- The Washington Times - Thursday, April 19, 2012

Milan Lucic sleepwalked through Games 1 and 2. The Boston Bruins star had just three shots and nothing to show for it.

He still has no points through three games of the Bruins‘ first-round series against the Washington Capitals, but Game 3 might have been exactly what he needed. Lucic took four penalties and was involved in plenty of post-whistle altercations.

“I don’t think you have to wake Looch up. Looch is always awake,” defenseman Greg Zanon said. “But if you poke the bear, eventually he’s going to get at you.”

That could be the big fear moving forward for the Caps: that they poked Lucic and woke him up from his scoring slumber.

“Obviously, you like to see Looch put the puck in the net,” Zanon said. “He’s one strong man, and he gets into these physical-type games and he can change a game like that and he can turn the tides for you.”

Lucic (26 goals) was one of six 20-goal scorers for the Bruins during the regular season; just one of those guys has a goal in this series, which has been filled with production from the third and fourth lines.

Boston would love to get the likes of David Krejci, Patrice Bergeron and Tyler Seguin going, but Lucic drives the offense. Asked if he hoped Game 3’s physicality ignites Lucic’s play, center Chris Kelly quipped, “I hope so.”

“When Looch is playing at his best playing on that edge and being physical and moving his feet, he is one of those guys who you’d be surprised how fast he gets up and down that ice for a guy his size,” Kelly said.

The Caps get that. Even though Karl Alzner explained that his crybaby gesture toward Lucic was just a way of telling the Bruins to stop complaining about calls, it might be one of those moments he regrets.

“Maybe you don’t want to wake him up, but in my eyes he’s always awake,” Zanon said. “You just don’t want to aggravate him because he’s going to be aware at all times out on the ice now.”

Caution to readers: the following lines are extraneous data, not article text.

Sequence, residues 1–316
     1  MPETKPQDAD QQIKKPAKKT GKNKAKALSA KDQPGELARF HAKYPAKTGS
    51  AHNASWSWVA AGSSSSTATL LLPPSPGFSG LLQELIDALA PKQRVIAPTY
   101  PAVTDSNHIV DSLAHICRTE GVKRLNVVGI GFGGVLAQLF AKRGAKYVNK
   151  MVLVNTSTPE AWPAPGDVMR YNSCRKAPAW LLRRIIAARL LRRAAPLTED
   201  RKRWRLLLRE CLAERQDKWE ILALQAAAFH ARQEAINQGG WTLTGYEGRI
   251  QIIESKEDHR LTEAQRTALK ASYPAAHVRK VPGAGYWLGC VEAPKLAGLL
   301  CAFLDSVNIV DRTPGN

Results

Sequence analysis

If Lucic starts feeling it in the offensive zone, Alzner said he and his teammates need concentrate on taking away his time and space.

“You look at a lot of his goals and they come from him outbattling guys in front or him being in the slot and making a nice finish,” he said. “It’s either trying to outbattle him, big guy, but you try and get position or you make sure he doesn’t get the puck. That’s all we’ve been trying to do — try and get him off his game as much as possible. It sometimes works, sometimes it doesn’t.”

It has worked so far in this series, but Washington’s ability to tie up this series and potentially win it likely hinges on continuing to shut down Lucic and Co.

And if some physical play wakes Lucic from his hibernation, it could be a boon for the Bruins.

“I liked Looch’s game [Monday]; he was skating, he was physical, he was making things happen,” coach Claude Julien said. “And if he continues to play that way, then the production is going to follow soon.”

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